I lived in Seattle for 11 years and during that time developed great loyalty to Alaska Airlines. I want to take the opportunity to expand a little more on the value of flying with the carrier in case you’re unfamiliar. The carrier has a large presence throughout the West Coast, but it also provides nonstop service to several East Coast destinations, travels to every Hawaiian island, and partners with a diverse array of other airlines.
Coincidentally, I was seated next to an Alaska Airlines employee when I first wrote this post on a plane, and I mentioned to him that I’ve recommended Mileage Plan to people as far away as Florida. Customers who don’t think they fly enough on a single carrier to obtain elite status can still get credit for travel with American Airlines when they buy those tickets from Alaska Airlines, and the acquisition of Virgin America has helped Alaska expand into even more markets of its own. Alaska isn’t technically part of an alliance, but their status can get you a few benefits on some of its international partners.
Alaska’s frequent flyer miles are also so valuable that the airline recently had to place some limits on how many miles you could buy if you didn’t have status. People as far away as Australia were buying hundreds of thousands of miles without ever setting foot on the carrier’s planes.
One of the unique benefits of Mileage Plan is a generous cancellation policy. MVP Gold and MVP Gold 75K members may cancel tickets at any point before departure, using the full credit to book a future trip without change or cancellation fees. (While Southwest Airlines has a similar policy, it lacks the premium amenities and extensive list of partners that make Alaska more comparable to Delta, United, and American.)
Mileage Plan offers its customers three elite membership tiers: MVP, MVP Gold, and MVP Gold 75K. Qualification criteria for each tier are lowered if customers fly only on Alaska Airlines, or you can credit travel on Delta Air Lines, American Airlines, and several international carriers.
MVP — Earn 20,000 miles on Alaska Airlines. If including partner airlines, fly 25,000 miles or 30 segments.
MVP Gold — Earn 40,000 miles on Alaska Airlines. If including partner airlines, fly 50,000 miles or 60 segments.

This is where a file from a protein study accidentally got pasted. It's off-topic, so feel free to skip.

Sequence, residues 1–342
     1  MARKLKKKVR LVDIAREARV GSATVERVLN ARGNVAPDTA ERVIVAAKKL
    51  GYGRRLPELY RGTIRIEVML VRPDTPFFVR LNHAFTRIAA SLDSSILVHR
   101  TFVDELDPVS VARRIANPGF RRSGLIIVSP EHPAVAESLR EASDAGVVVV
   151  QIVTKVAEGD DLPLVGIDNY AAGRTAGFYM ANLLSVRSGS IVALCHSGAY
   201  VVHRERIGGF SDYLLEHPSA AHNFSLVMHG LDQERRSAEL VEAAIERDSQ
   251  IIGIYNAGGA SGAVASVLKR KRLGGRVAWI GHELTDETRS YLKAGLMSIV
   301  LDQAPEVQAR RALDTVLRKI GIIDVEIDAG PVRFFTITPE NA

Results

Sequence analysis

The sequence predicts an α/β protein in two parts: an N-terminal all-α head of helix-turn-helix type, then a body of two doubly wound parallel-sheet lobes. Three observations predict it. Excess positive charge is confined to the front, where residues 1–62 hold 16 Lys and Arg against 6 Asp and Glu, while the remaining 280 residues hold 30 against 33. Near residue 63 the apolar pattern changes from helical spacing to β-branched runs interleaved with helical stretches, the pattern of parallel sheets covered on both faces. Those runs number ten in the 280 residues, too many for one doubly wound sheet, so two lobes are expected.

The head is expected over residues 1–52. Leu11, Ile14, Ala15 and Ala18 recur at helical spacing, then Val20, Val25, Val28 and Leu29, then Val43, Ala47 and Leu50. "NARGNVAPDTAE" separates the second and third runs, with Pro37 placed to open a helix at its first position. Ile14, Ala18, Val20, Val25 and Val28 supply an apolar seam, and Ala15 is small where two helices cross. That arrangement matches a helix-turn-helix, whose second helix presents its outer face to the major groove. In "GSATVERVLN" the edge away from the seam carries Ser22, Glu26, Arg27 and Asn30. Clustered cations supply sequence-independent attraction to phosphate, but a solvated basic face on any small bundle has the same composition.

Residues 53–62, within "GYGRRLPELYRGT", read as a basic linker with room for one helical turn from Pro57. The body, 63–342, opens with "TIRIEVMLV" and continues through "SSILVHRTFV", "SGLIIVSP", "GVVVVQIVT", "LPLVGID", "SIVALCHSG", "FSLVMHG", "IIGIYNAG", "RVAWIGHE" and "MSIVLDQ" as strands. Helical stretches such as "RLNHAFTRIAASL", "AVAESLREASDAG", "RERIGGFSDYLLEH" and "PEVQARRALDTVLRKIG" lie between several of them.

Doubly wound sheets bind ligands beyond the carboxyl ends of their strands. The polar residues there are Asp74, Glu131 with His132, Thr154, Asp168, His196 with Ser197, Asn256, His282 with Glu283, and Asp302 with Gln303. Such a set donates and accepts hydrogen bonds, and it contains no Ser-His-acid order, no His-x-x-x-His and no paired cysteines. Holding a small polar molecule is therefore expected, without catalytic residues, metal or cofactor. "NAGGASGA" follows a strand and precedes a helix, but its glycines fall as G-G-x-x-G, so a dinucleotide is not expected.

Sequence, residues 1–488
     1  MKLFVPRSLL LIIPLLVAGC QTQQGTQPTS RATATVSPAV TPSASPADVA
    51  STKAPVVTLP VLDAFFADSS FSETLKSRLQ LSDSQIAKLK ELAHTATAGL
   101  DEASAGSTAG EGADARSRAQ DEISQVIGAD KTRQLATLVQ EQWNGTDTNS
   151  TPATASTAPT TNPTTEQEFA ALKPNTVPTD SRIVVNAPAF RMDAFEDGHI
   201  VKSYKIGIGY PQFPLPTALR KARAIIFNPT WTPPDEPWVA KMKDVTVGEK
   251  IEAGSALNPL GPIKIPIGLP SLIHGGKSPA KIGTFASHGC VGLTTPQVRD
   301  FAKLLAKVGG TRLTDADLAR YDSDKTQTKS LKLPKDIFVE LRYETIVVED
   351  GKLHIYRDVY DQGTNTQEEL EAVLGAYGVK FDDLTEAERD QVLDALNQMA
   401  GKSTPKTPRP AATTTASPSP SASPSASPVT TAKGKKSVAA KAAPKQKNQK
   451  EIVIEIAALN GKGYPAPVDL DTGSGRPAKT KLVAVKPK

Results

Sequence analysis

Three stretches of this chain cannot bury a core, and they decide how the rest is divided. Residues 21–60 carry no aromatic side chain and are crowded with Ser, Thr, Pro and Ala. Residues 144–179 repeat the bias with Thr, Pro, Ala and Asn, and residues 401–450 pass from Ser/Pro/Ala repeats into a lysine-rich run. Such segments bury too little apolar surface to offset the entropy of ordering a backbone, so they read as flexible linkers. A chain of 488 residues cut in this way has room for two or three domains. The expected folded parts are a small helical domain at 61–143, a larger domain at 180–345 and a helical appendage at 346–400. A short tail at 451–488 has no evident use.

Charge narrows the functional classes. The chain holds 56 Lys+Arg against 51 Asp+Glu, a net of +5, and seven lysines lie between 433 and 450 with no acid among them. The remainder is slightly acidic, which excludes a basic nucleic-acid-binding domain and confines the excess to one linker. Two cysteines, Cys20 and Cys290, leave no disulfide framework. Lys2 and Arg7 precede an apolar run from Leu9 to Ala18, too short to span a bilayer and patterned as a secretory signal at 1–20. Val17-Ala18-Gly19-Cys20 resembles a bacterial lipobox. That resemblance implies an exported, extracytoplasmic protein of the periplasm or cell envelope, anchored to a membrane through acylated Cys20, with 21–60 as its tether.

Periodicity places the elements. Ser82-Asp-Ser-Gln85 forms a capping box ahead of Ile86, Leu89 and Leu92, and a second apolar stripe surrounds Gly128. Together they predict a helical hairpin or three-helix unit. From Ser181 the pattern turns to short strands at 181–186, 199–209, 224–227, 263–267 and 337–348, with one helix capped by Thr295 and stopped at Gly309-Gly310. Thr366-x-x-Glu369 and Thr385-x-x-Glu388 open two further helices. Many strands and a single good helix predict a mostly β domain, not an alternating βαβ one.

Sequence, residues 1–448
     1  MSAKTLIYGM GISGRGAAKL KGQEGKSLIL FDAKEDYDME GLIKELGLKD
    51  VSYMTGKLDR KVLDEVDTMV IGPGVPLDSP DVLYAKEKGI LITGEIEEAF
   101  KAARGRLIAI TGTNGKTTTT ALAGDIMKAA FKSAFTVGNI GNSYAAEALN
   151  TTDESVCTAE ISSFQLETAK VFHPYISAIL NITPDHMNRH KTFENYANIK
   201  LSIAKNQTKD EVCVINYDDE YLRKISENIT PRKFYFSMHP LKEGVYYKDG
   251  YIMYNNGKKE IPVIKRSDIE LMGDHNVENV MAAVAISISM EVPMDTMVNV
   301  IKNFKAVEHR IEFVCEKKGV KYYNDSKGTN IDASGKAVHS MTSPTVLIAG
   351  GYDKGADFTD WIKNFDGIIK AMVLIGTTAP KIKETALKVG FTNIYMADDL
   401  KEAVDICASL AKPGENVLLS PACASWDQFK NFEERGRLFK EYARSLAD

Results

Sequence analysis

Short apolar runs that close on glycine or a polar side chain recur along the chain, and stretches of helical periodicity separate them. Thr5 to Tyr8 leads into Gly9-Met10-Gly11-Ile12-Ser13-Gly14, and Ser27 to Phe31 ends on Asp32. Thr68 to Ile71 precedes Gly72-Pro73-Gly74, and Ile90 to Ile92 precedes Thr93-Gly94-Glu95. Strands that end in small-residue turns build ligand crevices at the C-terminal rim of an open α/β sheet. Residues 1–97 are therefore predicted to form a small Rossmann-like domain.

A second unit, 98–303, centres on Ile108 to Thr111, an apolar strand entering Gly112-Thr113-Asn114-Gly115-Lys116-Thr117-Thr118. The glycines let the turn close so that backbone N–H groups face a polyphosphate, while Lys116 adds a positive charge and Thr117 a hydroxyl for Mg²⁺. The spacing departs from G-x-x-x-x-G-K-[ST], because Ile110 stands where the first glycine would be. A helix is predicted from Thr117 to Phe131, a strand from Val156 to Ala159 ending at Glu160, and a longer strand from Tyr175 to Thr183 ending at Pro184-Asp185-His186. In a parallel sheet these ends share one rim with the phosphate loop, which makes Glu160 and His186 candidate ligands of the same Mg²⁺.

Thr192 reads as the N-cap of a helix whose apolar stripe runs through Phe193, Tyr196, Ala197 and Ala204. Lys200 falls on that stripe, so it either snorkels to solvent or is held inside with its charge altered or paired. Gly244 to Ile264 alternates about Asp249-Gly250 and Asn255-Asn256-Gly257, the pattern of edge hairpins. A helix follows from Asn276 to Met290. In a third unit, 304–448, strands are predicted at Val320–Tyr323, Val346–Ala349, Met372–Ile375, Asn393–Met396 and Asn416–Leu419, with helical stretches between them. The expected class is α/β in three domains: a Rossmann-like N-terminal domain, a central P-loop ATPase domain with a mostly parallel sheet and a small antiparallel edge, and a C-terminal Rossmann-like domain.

MVP Gold 75K — Earn 75,000 miles on Alaska Airlines. If including partner airlines, fly 90,000 miles or 90 segments.
MVP members receive a 50% bonus on award miles earned when flying on Alaska Airlines and its elite qualifying partners, but MVP Gold members get a 100% bonus and MVP Gold 75K tiers earn a 125% bonus. These bonuses are again higher than what you would find on other mainline carriers in the U.S. Elite qualifying partners, whose flights contribute to elite status in Mileage Plan, include leading carriers such as American Airlines, Japan Airlines, British Airways, Cathay Pacific, Air France, Condor, and Emirates.
All customers may also buy extra miles at a special discounted rate when you book your ticket. This helps you reach your goals sooner to book that next award. And when you’re not flying, Mileage Plan offers the usual online shopping portal and Alaska Airlines Visa credit card, which includes an annual discounted companion fare. The card isn’t terribly special as far as earning miles, but the companion fare is useful. The debit card is being phased out.
Mileage Plan Awards
When redeeming miles for travel on Alaska Airlines, customers can book round-trip or one-way awards in multiple tiers. There is a refundable tier that is always available for a higher price, and which is even eligible for a complimentary elite upgrade. Then there are some lower tiers that vary in price depending on demand. Award prices can be as low as 5,000 miles within the continental U.S. (and yes, the lower 48 states and the state of Alaska are considered part of the same region). This flexibility helps ensure customers can always find award space to reach their destination — at least in principle.